Before I get started on this topic – let me pause to address the first question that many people will have – what is NUMA? NUMA stands for ‘Non-Uniform Memory Access‘. NUMA is an architecture for multiprocessor computers. On a non-NUMA system memory is handled as a single resource, and all processors use the same pool of memory. The problem with this is that you can get high contention rates as you add more processors. NUMA attempts to address this contention by breaking the system up into nodes. Each node contains its own processor(s) and a local block of memory. The processor(s) then have low contention access to the local memory in the NUMA node, however the downside of NUMA is that if a processor needs to access memory in a different NUMA node, there is a performance penalty involved. The exact penalty for accessing remote memory varies greatly between implementation. On some systems (like my home system) the penalty is about 15%, but on other systems it can be as high as 600%.
Now – where does Virtual Server come into play here? Well – by default Virtual Server will attempt to allocate processing resources and memory resources for a virtual machine on the same NUMA node. But, this is not always possible. To help people diagnose NUMA configuration issues – there are two possible warnings that Virtual Server can report on NUMA systems:
- You appear to have NUMA nodes with no local memory.
This warning can occur if you did not realize that you had a NUMA system and just put all the memory in one of the nodes – rather than evenly distributing the memory across the NUMA nodes. If you see this error – you should consult your motherboard documentation and make sure that you have your memory configured appropriately (literally ‘in the correct slots on the motherboard’). One potential false-positive to be aware of here is that some systems erroneously report each core on a dual-core processor as being part of a separate NUMA node – with the second core having no local memory. If you suspect this is the case for your system – the only option you have is to a) ignore the warning and b) complain to your motherboard manufacturer to fix their BIOS to report the right information.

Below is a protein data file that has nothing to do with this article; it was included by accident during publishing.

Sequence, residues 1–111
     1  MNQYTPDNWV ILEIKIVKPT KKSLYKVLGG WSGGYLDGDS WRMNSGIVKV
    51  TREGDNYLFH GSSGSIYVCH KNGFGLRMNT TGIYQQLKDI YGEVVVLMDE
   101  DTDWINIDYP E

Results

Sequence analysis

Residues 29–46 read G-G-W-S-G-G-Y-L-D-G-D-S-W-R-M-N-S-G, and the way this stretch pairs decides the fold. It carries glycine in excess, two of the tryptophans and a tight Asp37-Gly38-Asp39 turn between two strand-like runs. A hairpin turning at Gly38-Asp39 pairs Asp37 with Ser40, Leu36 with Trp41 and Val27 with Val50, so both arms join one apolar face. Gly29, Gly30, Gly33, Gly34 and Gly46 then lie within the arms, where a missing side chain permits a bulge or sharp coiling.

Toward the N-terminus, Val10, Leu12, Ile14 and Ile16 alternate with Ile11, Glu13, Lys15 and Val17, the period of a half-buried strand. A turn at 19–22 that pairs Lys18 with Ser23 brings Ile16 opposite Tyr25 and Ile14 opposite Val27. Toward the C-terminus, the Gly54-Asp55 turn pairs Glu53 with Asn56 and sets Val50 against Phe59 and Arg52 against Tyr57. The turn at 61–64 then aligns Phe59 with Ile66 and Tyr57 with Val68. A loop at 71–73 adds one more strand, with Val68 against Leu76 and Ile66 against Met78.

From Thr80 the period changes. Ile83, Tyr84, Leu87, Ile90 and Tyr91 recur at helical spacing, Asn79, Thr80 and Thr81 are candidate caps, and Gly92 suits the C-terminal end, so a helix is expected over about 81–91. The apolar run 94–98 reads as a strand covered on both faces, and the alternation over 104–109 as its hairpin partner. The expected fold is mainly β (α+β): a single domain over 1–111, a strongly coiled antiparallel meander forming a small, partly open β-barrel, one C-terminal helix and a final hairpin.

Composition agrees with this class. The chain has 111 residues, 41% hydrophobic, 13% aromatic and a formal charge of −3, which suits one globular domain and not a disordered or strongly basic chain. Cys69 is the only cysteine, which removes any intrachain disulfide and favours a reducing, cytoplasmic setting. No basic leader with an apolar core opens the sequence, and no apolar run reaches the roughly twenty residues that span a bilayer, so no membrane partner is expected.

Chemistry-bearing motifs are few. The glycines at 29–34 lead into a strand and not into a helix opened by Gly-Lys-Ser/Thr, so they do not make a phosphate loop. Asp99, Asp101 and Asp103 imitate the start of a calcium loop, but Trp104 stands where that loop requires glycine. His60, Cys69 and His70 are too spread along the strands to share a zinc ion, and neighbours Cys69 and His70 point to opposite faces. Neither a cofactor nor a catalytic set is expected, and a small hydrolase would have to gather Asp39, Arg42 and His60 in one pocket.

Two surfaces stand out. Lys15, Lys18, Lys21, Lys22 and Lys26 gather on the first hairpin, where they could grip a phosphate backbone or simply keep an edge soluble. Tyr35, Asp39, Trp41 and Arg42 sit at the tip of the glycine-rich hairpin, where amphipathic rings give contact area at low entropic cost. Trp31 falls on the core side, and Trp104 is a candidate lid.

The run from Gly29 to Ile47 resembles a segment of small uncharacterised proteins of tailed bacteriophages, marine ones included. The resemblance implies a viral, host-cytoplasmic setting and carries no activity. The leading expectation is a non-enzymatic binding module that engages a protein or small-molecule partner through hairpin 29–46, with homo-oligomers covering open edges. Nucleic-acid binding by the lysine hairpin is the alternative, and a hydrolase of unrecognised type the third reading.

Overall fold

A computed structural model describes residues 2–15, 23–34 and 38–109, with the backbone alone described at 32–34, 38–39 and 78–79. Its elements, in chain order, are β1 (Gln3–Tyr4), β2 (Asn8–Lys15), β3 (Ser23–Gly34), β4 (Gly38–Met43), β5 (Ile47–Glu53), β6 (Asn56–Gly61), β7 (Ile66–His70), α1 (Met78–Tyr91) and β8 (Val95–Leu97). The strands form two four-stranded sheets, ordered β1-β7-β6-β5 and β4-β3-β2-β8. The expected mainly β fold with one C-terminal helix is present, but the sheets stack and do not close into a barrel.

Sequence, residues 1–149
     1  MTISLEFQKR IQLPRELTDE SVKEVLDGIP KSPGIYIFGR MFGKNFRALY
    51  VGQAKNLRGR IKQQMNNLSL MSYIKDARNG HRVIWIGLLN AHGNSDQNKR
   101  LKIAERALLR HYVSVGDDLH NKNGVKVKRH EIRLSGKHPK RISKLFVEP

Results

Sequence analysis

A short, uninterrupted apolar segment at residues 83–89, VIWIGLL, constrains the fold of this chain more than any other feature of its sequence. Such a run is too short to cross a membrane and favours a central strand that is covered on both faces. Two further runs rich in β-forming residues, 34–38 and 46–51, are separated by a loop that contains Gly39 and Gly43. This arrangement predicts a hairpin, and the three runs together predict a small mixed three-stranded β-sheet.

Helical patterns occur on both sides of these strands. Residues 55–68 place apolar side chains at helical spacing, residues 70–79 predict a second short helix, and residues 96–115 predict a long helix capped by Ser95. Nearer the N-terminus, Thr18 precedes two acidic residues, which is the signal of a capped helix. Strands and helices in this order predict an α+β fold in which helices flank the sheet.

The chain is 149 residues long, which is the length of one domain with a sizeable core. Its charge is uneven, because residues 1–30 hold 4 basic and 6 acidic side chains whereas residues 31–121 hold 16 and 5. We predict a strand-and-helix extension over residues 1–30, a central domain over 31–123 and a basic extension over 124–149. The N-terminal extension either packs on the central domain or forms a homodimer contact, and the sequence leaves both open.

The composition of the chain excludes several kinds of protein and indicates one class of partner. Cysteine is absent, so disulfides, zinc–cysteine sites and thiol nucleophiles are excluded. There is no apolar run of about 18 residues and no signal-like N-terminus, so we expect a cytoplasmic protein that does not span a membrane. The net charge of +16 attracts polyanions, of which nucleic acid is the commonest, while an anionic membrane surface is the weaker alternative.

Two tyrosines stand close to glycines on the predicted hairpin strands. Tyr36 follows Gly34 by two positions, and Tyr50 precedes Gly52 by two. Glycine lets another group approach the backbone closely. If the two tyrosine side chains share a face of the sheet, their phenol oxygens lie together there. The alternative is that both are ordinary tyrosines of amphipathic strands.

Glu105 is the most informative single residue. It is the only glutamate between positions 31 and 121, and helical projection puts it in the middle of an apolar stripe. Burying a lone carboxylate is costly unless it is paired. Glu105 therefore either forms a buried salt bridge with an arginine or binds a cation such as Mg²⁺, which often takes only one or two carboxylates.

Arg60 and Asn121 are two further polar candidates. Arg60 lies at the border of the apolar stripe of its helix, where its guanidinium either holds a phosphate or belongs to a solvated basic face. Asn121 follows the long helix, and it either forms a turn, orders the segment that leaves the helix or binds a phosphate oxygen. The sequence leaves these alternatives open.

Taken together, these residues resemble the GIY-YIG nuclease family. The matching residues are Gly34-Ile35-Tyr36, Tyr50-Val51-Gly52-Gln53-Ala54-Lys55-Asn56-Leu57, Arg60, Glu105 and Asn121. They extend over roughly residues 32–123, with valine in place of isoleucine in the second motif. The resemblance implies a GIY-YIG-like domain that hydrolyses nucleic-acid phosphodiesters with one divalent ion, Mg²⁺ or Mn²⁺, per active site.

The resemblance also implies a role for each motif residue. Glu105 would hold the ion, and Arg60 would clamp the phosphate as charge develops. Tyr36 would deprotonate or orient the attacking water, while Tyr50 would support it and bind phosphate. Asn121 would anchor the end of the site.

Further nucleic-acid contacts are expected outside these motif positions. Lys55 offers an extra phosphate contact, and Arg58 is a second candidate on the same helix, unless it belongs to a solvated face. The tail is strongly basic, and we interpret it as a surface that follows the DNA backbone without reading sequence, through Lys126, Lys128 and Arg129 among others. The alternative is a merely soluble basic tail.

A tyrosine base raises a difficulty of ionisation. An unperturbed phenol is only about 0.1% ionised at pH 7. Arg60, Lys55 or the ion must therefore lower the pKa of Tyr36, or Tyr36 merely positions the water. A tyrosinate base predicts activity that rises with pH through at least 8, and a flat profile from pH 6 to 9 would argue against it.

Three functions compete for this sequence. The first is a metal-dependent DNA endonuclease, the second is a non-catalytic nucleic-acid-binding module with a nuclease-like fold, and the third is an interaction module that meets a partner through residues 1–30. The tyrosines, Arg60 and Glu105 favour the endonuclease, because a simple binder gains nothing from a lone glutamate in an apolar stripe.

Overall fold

- A virtual machine is currently running with its memory allocated across multiple NUMA nodes.
In and of itself this is not a big deal to worry about. If your system has a low penalty for accessing remote memory you will not see a big impact from this (I see this warning all the time on my home system – but it really does not affect me). If, however, you are seeing unusually slow performance in a virtual machine, and this warning is being displayed – then you should do some research to find out whether your system has a high remote NUMA node access overhead – and if it does, what you can do to avoid this from happening.
A final note on NUMA – as AMD Opterons have an integrated memory controller as part of the processor – which means that any multiprocessor AMD system is inherently NUMA.